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I'm looking for a way to find if element referenced in javascript has been inserted in the document.

Lets illustrate a case with following code:

var elem = document.createElement('div');

// Element has not been inserted in the document, i.e. not present

document.getElementByTagName('body')[0].appendChild(elem);

// Element can now be found in the DOM tree

Jquery has :visible selector, but it won't give accurate result when I need to find that invisible element has been placed somewhere in the document.

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4 Answers 4

up vote 3 down vote accepted

Here's an easier method that uses the standard Node.contains DOM API to check in an element is currently in the DOM:

document.body.contains(MY_ElEMENT);

CROSS-BROWSER NOTE: the document object in IE does not have a contains() method - to ensure cross-browser compatibility, use document.body.contains() instead. (or document.head.contains if you're checking for elements like link, script, etc)

 


 

Notes on using a specific document reference vs Node-level ownerDocument:

Someone raised the idea of using MY_ELEMENT.ownerDocument.contains(MY_ELEMENT) to check for a node's presence in the document. While this can produce the intended result (albeit, with more verbosity than necessary in 99% of cases), it can also lead to unexpected results, depending on use-case. Let's talk about why:

If you are dealing with a node that currently resides in an separate document, like one generated with document.implementation.createHTMLDocument(), an <iframe> document, or an HTML Import document, and use the node's ownerDocument property to check for presence in what you think will be your main, visually rendered document, you will be in a world of hurt.

The node property ownerDocument is simply a pointer to whatever current document the node resides in. Almost every use-case of contains involves checking a specific document for a node's presence. You have 0 guarantee that ownerDocument is the same document you want to check - only you know that. The danger of ownerDocument is that someone may introduce any number of ways to reference, import, or generate nodes that reside in other documents. If they do so, and you have written your code to rely on ownerDocument's relative inference, your code may break. To ensure your code always produces expected results, you should only compare against the specifically referenced document you intend to check, not trust relative inferences like ownerDocument.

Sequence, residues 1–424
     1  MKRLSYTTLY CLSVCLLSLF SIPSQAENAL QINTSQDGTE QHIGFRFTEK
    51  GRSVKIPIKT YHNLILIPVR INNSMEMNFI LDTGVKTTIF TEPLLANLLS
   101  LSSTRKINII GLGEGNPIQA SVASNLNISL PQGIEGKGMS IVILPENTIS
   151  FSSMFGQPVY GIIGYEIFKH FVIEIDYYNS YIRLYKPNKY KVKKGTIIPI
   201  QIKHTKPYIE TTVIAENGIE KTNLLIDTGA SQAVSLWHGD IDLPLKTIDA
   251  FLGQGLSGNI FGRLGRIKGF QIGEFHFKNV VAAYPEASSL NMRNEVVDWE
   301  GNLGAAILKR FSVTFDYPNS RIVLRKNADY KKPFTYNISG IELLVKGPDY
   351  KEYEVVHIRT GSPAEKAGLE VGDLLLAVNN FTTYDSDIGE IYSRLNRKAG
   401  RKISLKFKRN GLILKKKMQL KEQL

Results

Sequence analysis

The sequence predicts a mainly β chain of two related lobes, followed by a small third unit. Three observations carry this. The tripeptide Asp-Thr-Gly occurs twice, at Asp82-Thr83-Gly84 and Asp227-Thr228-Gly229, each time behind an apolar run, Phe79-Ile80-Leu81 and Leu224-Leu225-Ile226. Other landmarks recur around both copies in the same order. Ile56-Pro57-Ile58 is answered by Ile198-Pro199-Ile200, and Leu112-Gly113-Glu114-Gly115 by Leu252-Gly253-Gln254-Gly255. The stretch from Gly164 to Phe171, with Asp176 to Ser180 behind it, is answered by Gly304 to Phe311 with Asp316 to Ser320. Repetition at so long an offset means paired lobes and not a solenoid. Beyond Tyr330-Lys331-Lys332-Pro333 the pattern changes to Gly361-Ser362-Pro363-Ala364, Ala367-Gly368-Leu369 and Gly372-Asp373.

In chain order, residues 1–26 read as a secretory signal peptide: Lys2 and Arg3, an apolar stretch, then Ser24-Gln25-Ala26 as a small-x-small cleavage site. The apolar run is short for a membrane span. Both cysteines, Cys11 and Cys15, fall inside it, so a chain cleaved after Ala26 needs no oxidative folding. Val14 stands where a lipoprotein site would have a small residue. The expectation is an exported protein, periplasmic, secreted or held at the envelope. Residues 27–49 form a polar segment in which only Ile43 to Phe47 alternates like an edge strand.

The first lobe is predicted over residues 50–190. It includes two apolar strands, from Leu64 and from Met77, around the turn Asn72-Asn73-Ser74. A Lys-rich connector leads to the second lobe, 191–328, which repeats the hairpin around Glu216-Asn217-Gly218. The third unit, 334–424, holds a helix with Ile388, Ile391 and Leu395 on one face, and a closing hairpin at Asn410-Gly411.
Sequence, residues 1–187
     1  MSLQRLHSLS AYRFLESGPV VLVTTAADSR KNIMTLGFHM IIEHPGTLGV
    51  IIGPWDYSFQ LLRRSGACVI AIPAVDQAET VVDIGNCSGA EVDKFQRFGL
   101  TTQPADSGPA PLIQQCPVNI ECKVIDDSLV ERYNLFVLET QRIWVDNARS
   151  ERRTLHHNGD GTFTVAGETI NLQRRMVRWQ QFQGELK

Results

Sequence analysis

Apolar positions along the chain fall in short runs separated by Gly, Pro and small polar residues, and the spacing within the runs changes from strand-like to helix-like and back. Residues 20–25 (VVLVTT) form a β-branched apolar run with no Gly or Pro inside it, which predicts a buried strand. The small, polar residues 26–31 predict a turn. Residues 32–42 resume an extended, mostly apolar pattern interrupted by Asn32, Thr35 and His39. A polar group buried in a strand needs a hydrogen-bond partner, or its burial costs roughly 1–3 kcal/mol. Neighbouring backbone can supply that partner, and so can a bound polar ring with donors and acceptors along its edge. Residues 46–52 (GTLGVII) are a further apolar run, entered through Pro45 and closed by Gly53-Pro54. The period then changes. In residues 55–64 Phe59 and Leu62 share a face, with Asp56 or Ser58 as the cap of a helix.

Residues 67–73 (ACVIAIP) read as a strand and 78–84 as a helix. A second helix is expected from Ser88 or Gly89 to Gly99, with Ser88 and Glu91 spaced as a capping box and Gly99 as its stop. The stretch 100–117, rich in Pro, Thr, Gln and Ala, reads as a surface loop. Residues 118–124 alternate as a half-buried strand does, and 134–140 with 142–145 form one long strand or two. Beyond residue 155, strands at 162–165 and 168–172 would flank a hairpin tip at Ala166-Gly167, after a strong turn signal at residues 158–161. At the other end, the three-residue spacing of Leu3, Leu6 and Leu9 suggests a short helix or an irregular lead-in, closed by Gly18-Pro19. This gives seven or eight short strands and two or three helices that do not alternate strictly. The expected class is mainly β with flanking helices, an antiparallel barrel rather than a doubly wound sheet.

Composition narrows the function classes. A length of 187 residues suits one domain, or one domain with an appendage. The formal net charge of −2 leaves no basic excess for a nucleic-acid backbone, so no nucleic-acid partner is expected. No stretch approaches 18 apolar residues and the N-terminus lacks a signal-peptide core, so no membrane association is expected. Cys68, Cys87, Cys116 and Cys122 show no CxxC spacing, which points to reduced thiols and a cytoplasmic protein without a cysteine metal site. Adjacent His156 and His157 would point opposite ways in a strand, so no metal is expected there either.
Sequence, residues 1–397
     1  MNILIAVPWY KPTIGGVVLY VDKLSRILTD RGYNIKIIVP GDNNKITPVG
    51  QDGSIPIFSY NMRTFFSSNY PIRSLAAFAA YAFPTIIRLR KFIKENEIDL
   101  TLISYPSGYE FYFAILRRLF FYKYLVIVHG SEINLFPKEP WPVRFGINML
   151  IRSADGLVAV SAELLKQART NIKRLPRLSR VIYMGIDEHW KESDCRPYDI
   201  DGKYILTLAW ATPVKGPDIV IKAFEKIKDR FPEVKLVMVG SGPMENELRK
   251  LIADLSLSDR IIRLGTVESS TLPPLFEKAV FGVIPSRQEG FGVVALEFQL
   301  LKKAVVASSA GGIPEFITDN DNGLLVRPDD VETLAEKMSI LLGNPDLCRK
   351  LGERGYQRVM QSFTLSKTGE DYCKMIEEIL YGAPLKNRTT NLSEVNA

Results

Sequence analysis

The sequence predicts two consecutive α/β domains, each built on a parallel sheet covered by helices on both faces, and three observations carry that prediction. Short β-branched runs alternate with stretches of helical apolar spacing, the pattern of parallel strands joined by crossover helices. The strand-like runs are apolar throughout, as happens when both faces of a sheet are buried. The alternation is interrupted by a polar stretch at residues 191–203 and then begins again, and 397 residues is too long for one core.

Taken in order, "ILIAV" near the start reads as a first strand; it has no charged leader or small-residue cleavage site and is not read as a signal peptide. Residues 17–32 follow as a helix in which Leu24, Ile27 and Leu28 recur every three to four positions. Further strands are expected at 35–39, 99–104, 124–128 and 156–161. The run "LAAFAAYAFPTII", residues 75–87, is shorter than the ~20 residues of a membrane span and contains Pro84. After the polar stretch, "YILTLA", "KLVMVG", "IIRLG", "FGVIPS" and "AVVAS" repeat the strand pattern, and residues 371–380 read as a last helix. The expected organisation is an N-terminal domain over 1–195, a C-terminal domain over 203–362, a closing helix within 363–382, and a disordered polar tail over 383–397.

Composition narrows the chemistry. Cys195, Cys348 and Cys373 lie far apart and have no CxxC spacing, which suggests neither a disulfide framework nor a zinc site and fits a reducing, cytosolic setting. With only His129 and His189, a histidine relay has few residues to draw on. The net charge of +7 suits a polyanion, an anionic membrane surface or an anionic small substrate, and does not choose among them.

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Comments are not for extended discussion; this conversation has been moved to chat. –  bluefeet Dec 11 at 11:23

Do this:

var elem = document.createElement('div');
elem.setAttribute('id', 'my_new_div');

if (document.getElementById('my_new_div')) { } //element exists in the document.
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Thanks mate, I had this on mind but was confused by possibility of having ids collision. Minute ago I developed new method by checking the element's parent var. It's not definitely new and i'm quite surprised that i haven't figured it before. –  mpontus Apr 27 '10 at 6:02

The safest way is to test directly whether the element is contained in the document:

function isInDocument(el) {
    var html = document.body.parentNode;
    while (el) {
        if (el === html) {
            return true;
        }
        el = el.parentNode;
    }
    return false;
}

var elem = document.createElement('div');
alert(isInDocument(elem));
document.body.appendChild(elem);
alert(isInDocument(elem));
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Use compareDocumentPosition to see if the element is contained inside document. PPK has browser compatibility details and John Resig has a version for IE.

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I had wondered about using compareDocumentPosition too, but the messing around to get it working in all browsers doesn't really seem worth it when you can do domething as simple as walking up the node tree, as in my answer, which will work in pretty much every browser. –  Tim Down Apr 27 '10 at 11:34

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